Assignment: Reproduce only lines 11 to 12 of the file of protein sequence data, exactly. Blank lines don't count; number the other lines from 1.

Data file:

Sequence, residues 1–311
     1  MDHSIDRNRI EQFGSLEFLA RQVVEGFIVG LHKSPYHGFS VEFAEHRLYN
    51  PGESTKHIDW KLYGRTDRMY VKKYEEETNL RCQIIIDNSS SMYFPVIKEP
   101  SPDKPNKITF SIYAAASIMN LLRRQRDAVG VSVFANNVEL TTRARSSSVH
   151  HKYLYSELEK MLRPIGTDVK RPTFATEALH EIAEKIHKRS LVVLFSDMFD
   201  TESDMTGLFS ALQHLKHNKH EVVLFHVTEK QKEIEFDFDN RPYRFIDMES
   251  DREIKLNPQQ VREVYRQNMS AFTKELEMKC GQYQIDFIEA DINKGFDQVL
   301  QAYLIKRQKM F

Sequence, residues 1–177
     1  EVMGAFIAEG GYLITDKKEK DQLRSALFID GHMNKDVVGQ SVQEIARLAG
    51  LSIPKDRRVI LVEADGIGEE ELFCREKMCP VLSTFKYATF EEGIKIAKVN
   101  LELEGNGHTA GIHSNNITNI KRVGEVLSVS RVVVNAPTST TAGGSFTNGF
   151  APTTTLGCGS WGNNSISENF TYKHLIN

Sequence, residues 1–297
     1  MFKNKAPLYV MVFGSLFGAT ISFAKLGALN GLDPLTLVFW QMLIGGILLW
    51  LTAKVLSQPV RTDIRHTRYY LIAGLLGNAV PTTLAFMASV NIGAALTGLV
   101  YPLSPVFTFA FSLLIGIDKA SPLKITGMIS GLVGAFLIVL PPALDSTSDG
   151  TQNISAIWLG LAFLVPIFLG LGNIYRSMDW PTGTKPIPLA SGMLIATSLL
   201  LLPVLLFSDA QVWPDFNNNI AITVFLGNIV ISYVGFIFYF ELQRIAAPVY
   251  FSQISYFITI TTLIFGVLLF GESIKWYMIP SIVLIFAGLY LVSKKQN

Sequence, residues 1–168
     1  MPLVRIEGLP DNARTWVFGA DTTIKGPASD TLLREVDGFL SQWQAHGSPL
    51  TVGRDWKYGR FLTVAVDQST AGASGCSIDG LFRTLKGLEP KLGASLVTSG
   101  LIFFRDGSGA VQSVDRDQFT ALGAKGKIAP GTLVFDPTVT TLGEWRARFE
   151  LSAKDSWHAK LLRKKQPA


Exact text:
    51  LSIPKDRRVI LVEADGIGEE ELFCREKMCP VLSTFKYATF EEGIKIAKVN
   101  LELEGNGHTA GIHSNNITNI KRVGEVLSVS RVVVNAPTST TAGGSFTNGF